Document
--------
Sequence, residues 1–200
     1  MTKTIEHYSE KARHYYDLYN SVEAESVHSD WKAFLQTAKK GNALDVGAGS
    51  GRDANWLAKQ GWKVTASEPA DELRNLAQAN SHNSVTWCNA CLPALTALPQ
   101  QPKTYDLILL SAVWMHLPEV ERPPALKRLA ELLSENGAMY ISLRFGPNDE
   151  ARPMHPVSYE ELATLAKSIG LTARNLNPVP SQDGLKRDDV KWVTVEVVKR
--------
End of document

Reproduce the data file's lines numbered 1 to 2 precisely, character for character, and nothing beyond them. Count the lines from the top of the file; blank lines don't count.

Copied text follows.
Sequence, residues 1–200
     1  MTKTIEHYSE KARHYYDLYN SVEAESVHSD WKAFLQTAKK GNALDVGAGS